Train services cancelled and roads blocked by flooding in East Anglia
Heavy rain has triggered surface water flooding in East Anglia, disrupting trains and leaving some roads impassable.
The Met Office issued an amber weather warning for the region on Sunday afternoon as slow moving rain coming from the west struck.
Norfolk Fire and Rescue Service said it had been “inundated” with 999 calls about “widespread flooding”.
Residents under threat from flood water were advised to take precautionary action such turning off the electricity supply and moving valuables upstairs.
On social media, drivers shared photos and videos of traffic ploughing through deep pools of water gathering on roads, including the A47 near Norwich.
Ellen Isaac, 26, from Wroxham in Norfolk, said she was cut off from her home by local flooding.
“The conditions are awful at the minute, all the main roads have points where they are flooded right across. The more rural roads are completely blocked,” she said.
“I needed to pick up my prescription and then couldn’t get back home due to the flooding.
“I live in Wroxham, but I’m currently stopped at a friend’s house.
“I’ll try again later before it gets dark but I don’t really want to get stuck too late.”
Norfolk police said the surface water issue was “particularly acute” in the east of the county.
Flooding on the railway meant Greater Anglia services were unable to run between Norwich, Lowestoft, Great Yarmouth and Sheringham.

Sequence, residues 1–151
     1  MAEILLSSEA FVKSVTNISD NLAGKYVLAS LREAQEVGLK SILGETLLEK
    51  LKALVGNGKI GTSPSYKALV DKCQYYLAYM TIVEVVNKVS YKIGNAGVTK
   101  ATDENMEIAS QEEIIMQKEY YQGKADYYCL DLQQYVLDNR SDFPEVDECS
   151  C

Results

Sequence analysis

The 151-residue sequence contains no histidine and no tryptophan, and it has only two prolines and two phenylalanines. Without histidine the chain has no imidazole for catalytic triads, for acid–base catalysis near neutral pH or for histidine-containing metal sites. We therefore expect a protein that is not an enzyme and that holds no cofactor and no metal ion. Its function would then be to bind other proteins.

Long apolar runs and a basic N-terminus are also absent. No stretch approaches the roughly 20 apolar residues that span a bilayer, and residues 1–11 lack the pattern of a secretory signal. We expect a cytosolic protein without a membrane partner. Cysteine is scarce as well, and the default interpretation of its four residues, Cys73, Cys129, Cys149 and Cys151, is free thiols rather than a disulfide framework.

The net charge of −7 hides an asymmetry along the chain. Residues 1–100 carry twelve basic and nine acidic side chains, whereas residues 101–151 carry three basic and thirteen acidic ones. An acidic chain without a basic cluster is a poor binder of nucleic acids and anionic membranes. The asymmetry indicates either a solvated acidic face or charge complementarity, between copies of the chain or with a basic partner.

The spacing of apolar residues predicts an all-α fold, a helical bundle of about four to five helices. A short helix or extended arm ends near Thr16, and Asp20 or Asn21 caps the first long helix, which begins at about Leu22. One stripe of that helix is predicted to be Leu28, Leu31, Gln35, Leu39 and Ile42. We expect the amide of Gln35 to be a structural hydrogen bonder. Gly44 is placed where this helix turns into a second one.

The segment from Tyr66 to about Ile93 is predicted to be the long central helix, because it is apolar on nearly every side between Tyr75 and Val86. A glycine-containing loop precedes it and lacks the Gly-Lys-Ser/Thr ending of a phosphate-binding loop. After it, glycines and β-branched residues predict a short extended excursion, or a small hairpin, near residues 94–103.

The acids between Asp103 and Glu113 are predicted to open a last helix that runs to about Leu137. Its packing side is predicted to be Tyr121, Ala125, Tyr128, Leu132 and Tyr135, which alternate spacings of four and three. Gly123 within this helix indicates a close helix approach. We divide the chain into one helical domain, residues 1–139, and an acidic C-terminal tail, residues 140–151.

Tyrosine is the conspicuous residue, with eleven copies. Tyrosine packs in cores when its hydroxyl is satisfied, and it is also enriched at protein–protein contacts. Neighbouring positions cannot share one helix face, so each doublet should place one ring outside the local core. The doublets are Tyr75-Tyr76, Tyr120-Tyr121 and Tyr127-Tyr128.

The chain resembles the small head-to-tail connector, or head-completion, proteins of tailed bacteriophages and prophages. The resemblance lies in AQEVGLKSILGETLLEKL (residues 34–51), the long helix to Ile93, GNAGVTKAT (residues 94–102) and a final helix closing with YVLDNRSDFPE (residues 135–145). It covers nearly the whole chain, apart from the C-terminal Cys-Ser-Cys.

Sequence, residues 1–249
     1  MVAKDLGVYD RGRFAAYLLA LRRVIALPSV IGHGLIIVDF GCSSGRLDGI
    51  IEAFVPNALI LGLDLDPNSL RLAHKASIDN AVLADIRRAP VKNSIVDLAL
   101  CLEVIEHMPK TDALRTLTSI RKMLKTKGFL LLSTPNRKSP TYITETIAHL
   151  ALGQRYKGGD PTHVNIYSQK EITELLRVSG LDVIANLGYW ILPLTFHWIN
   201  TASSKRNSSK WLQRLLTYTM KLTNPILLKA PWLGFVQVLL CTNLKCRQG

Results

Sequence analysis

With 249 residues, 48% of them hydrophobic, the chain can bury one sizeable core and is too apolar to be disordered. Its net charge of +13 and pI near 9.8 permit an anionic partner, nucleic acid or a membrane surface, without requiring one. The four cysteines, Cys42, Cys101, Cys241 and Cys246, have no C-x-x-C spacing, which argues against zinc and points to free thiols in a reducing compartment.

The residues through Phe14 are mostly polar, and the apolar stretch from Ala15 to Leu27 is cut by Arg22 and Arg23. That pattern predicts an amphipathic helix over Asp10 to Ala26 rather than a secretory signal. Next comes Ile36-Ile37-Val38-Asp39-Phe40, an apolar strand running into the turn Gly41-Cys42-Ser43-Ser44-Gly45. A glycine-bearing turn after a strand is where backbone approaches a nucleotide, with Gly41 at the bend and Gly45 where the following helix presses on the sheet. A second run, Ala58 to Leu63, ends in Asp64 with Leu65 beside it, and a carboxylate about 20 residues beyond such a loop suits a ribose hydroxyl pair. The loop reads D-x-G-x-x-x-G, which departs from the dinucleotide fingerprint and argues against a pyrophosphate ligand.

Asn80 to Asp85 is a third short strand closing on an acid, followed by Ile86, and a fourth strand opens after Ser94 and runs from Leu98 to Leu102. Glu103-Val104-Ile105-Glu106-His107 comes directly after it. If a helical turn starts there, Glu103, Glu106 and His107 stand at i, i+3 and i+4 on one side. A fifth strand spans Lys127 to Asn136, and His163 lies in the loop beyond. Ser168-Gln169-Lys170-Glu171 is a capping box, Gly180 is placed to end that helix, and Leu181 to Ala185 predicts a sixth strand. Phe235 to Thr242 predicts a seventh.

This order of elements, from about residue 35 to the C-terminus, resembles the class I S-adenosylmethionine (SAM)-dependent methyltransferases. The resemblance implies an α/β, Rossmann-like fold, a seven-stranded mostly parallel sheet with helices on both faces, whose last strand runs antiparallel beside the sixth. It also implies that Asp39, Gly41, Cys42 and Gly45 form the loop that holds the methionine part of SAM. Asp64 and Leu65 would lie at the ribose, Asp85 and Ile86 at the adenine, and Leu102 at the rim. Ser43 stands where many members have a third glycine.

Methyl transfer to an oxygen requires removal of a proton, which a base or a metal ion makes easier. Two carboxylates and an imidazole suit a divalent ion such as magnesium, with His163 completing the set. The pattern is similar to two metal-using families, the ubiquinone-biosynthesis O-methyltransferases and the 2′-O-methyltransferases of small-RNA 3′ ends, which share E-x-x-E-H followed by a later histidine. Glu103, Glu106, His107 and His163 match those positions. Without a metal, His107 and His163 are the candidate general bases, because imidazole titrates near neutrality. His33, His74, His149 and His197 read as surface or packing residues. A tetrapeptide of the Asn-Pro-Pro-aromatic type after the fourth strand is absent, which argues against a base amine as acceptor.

Customers were being advised not to travel on these routes, with a small number of rail replacement bus services put in place.
According to the Met Office, Cromer on the Norfolk coast saw the highest total rainfall in the past 12 hours with 46.4mm.
This was followed by 45.6mm falling at Weybourne and 44.6mm at Tibenham Airfield, both also in Norfolk.
The amber alert expired at 4pm on Sunday, with a further yellow warning of rain also due to end by 5pm.
Another earlier yellow weather warning, covering much of central and southern Scotland and northern, eastern and south-eastern England, expired at midday.
Up in North Yorkshire, police continued to warn drivers of the risks posed by standing water on the roads.
As of 4.30pm, the Environment Agency had issued five flood warnings for Sunday where immediate action is required.
These covered areas at the Welsh border near Shrewsbury, Reeth in North Yorkshire, north of Norwich and at Halesworth in Suffolk.
A further 51 flood alerts were issued advising people to prepare for possible flooding across northern, central and south-east England.
After a brief dry spell on Sunday evening, the wet and windy weather is forecast to return across the country on Monday and into next week.